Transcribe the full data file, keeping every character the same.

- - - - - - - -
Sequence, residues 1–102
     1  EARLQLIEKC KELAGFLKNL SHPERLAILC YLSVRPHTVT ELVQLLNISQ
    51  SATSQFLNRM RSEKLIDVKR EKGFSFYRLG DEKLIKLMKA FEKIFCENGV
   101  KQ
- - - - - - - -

Sequence, residues 1–102
     1  EARLQLIEKC KELAGFLKNL SHPERLAILC YLSVRPHTVT ELVQLLNISQ
    51  SATSQFLNRM RSEKLIDVKR EKGFSFYRLG DEKLIKLMKA FEKIFCENGV
   101  KQ